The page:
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DAR preserves the past

By Staff | Oct 25, 2013

Despite the rain, about 50 members of the Pack Horse Ford Chapter, National Society Daughters of the American Revolution (NSDAR), guests and family descendants held a grave marking for Ann Stephen Dandridge Hunter, daughter of Adam Stephen, Revolutionary War soldier and patriot, on the afternoon of Sunday, Oct. 13. The ceremony was held in the Triple Brick Museum and was followed by a reception at the General Adam Stephen house.

The Jefferson High School U.S. Air Force Junior ROTC Color Guard led the processional. Curator of General Adam Stephen Memorial Association (GASMA), Keith Hammersla, gave the opening remarks. The invocation was given by the Reverend Julie Harris, Rector, Trinity Episcopal Church in Martinsburg and the benediction by Barbara Nickell, Pack Horse Ford Chapter member. The Pledge of Allegiance was given by Joe Khare, President, General Adam Stephen Chapter, National Society Sons of the American Revolution (NSSAR). Sandra Riggleman, Pack Horse Ford Chapter member and Vice President of the GASMA, led the attendees in the American’s Creed. Cheryl Brown, Regent for the Chapter, welcomed everyone. The State Regent of the WVDAR, Barbara M. Frankenberry, greeted attendees and commended Ann Stephen Dandridge Hunter’s contributions to her community. Representing descendants of Ann was Sarah Seemann. Dressed in period clothing, Martin Keesecker, President of GASMA, gave the biography of Ann.

Ann Stephen was born circa 1761. She was 16 years old when her father commanded a division under General George Washington during the American Revolution. In about 1780, she married Alexander Spotswood Dandridge, who served as a Captain during the Revolutionary War. As part of Ann’s dowry, Adam Stephen gave the couple 600 acres, and they lived on “The Bower” property off of Warm Springs Road. They had one son. Ann’s husband died after a lingering illness in April, 1785. Two years later, Ann married Moses Hunter, Clerk of Berkeley County, who was also a patriot during the American Revolution. The couple had three children. Her second husband died when Ann was 37 years old. She never remarried. Ann died at “Hazelfield” at the age of 73 in 1834.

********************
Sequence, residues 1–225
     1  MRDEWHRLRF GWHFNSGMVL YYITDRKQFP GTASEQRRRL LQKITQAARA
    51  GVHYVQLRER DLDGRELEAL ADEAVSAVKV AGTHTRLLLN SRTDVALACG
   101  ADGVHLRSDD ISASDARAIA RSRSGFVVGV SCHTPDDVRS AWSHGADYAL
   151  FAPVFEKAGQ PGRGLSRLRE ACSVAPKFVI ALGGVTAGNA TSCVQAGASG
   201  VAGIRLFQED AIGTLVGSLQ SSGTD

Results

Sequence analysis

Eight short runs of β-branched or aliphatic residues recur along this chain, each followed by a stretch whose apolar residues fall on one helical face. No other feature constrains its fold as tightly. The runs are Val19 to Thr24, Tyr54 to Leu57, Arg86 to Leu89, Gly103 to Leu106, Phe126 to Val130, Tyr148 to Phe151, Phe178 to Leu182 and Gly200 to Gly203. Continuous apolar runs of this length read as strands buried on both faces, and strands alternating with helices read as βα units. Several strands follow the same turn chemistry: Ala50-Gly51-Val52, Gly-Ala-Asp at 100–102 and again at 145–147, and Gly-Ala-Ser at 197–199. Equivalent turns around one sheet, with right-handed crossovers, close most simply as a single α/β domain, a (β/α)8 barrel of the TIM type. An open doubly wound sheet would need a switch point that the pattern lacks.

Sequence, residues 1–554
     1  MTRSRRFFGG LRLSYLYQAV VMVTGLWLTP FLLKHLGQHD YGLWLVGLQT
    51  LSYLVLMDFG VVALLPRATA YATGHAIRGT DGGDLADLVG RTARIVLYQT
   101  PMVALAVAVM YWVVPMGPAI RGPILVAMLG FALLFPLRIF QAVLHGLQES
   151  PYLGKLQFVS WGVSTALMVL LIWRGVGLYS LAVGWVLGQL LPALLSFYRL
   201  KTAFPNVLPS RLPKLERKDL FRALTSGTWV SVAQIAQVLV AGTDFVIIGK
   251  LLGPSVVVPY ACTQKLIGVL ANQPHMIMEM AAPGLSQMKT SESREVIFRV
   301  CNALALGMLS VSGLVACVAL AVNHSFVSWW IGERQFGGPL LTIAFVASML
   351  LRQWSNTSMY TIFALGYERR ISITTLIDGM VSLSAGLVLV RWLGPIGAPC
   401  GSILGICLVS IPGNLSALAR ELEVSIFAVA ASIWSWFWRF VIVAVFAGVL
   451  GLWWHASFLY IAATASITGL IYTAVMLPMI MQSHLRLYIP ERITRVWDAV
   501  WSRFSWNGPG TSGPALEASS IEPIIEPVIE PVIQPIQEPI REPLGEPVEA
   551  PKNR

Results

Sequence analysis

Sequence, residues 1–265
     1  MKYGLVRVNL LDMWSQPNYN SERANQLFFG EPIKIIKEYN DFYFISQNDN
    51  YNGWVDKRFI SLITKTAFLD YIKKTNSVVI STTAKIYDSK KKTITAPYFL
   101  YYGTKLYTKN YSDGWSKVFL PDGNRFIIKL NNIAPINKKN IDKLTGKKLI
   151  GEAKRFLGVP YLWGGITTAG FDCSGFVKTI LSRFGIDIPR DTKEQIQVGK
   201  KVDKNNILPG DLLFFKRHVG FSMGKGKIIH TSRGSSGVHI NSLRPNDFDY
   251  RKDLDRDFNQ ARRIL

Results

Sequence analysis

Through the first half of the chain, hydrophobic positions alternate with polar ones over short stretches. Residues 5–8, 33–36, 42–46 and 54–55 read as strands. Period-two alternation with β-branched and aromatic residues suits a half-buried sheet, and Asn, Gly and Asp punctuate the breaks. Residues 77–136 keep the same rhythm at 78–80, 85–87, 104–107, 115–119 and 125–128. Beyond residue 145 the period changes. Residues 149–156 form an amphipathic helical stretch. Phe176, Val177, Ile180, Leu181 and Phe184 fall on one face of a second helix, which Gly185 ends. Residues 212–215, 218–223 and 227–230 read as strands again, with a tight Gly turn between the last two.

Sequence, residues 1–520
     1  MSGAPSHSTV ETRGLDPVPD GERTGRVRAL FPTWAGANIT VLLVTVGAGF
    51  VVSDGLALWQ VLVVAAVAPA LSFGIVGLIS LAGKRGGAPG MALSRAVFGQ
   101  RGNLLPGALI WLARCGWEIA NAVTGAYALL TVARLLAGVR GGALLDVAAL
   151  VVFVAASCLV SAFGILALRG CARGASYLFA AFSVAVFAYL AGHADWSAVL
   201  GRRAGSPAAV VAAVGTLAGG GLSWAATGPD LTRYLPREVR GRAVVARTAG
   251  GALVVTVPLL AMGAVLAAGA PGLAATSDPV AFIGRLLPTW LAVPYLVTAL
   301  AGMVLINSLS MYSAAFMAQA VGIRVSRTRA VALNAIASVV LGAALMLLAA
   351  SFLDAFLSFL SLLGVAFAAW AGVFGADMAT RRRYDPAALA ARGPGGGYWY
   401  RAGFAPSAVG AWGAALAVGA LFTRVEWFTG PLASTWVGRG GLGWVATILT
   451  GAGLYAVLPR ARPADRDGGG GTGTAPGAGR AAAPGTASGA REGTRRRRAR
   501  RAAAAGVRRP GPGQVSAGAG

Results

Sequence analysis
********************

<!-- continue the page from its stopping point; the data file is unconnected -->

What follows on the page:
Ann’s obituary in the National Intelligencer states she “could relate, with singular accuracy, many incidents of great interest connected with that memorable era in the history of these American States. From these early associations she imbibed an ardent lover for her country and never failed, on all appropriate occasions, to furnish the most conclusive evidence of distinguished patriotism.”

In a second ceremony, held on Saturday, October 12, Pack Horse Ford Chapter members attended the grave markings and dedication held by the General Adam Stephen Chapter, NSSAR and Bee Line Chapter, NSDAR for President General Charles Francis Printz and his wife, Bethel Hottel Printz.

Charles Printz (July 16, 1915 Sept. 20, 2011) and his wife, Bethel “Beth” Geraldine Hottel Printz (December 16, 1918 – October 20, 2011), served their country and community, both being active in numerous organizations.

Those who are interested in attending a Pack Horse Ford Chapter meeting and help “Preserve the Past, Enhance the Present, and Invest in the Future,” contact Regent Cheryl Brown at 304-876-3817 or Registrar Dorrene Hale at 304-725-6140. To learn more about the work of today’s DAR, visit www.DAR.org.